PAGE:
An official in Macron’s office said intelligence suggested some protesters would come to the capital with the aim to “vandalize and kill”. There is concern about far-right, anarchist and anti-capitalist groups like the Black Bloc, which have piggybacked off the ‘yellow vest’ movement.

The Paris prefecture on Thursday told restaurants and luxury boutiques along the Champs Elysees boulevard to close on Saturday and asked local Paris authorities to prepare their districts for violence.

On Facebook and across social media, protesters are calling for “Act IV”.

“France is fed up!! We will be there in bigger numbers, stronger, standing up for French people. Meet in Paris on Dec. 8,” read one group’s banner.

Security sources said the government was considering using troops currently deployed on anti-terrorism patrols to protect public buildings.

The protests, named after the fluorescent safety jackets French motorists have to keep in their cars, erupted in November over the squeeze on household budgets caused by fuel taxes. Demonstrations swiftly grew into a broad, sometimes-violent rebellion against Macron, with no formal leader.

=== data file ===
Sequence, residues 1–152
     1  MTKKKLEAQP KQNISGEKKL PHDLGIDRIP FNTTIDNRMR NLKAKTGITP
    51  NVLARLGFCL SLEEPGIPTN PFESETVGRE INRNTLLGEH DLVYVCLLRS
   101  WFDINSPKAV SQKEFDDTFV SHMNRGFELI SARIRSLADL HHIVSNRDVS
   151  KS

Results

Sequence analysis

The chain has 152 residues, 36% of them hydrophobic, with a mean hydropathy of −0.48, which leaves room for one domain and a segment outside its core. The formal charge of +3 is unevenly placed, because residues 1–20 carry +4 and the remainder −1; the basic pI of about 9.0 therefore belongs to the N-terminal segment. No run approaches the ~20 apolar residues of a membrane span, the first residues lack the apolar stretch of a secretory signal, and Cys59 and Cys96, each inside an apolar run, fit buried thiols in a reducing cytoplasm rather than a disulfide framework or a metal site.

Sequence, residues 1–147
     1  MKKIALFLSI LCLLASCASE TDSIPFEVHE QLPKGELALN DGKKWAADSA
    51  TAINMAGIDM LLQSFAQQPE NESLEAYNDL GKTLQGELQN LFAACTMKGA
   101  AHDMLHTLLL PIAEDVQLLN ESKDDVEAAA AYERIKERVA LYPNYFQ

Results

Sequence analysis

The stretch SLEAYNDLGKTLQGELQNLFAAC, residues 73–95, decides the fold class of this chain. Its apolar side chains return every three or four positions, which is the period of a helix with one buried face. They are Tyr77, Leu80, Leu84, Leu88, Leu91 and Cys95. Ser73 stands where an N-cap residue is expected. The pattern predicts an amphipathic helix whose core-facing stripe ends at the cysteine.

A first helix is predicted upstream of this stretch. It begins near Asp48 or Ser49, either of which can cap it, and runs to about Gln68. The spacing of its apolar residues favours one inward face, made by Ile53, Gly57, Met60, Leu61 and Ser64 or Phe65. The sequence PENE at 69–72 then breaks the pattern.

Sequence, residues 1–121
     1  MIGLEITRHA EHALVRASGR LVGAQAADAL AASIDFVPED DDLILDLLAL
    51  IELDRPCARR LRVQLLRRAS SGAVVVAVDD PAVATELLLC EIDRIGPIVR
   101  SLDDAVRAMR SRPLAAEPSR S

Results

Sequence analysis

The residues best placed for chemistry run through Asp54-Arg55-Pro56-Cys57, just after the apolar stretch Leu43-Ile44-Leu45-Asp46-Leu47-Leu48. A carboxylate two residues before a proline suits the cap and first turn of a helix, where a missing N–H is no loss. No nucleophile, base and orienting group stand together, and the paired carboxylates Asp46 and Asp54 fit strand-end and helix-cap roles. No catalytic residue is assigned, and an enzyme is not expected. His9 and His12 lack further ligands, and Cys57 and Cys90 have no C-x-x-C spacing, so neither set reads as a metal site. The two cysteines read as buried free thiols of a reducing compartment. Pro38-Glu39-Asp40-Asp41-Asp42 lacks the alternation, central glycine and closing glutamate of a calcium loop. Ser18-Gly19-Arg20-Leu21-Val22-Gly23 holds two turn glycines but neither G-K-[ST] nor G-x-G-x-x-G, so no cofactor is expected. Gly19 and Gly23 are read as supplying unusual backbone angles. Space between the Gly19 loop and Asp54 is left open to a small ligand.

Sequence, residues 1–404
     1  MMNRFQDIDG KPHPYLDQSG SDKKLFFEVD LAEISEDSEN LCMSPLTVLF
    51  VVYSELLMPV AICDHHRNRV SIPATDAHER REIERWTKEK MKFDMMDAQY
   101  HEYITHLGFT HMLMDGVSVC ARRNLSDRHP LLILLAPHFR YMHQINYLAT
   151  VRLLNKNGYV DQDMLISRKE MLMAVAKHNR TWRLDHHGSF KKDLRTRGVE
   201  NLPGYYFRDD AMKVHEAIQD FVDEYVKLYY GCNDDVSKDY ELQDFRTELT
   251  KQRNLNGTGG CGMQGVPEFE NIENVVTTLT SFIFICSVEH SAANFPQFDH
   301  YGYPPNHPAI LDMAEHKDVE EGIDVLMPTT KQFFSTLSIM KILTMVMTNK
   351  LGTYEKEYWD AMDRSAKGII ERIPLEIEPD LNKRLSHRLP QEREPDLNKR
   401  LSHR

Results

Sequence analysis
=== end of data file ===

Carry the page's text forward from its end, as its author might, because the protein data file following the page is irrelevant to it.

Their demands are diverse and include lower taxes, higher salaries, cheaper energy costs, better retirement provisions and even Macron’s resignation.

STREET POLITICS

Reversing course on next year’s fuel-tax hikes have left a gaping 4 billion euro hole in the government’s 2019 budget which it is now searching for ways to plug.

Citing unnamed sources, Les Echos business daily said the government as considering delaying corporate tax easing planned next year or putting off an increase in the minimum wage.

The unrest has exposed the deep-seated resentment among non-city dwellers that Macron is out-of-touch with the hard-pressed middle class and blue-collar workers. They see the 40-year-old former investment banker as closer to big business.

An Elabe poll on Thursday showed that only 23 percent of people trusted Macron, now lower than his predecessor Francois Hollande at the same period in his presidency.

Trouble is also brewing elsewhere for Macron. Teenage students on Thursday blocked access to more than 200 high schools across the country, burnt garbage bins and setting alight a car in the western city of Nantes. Hundreds of students were arrested after clashes with riot police.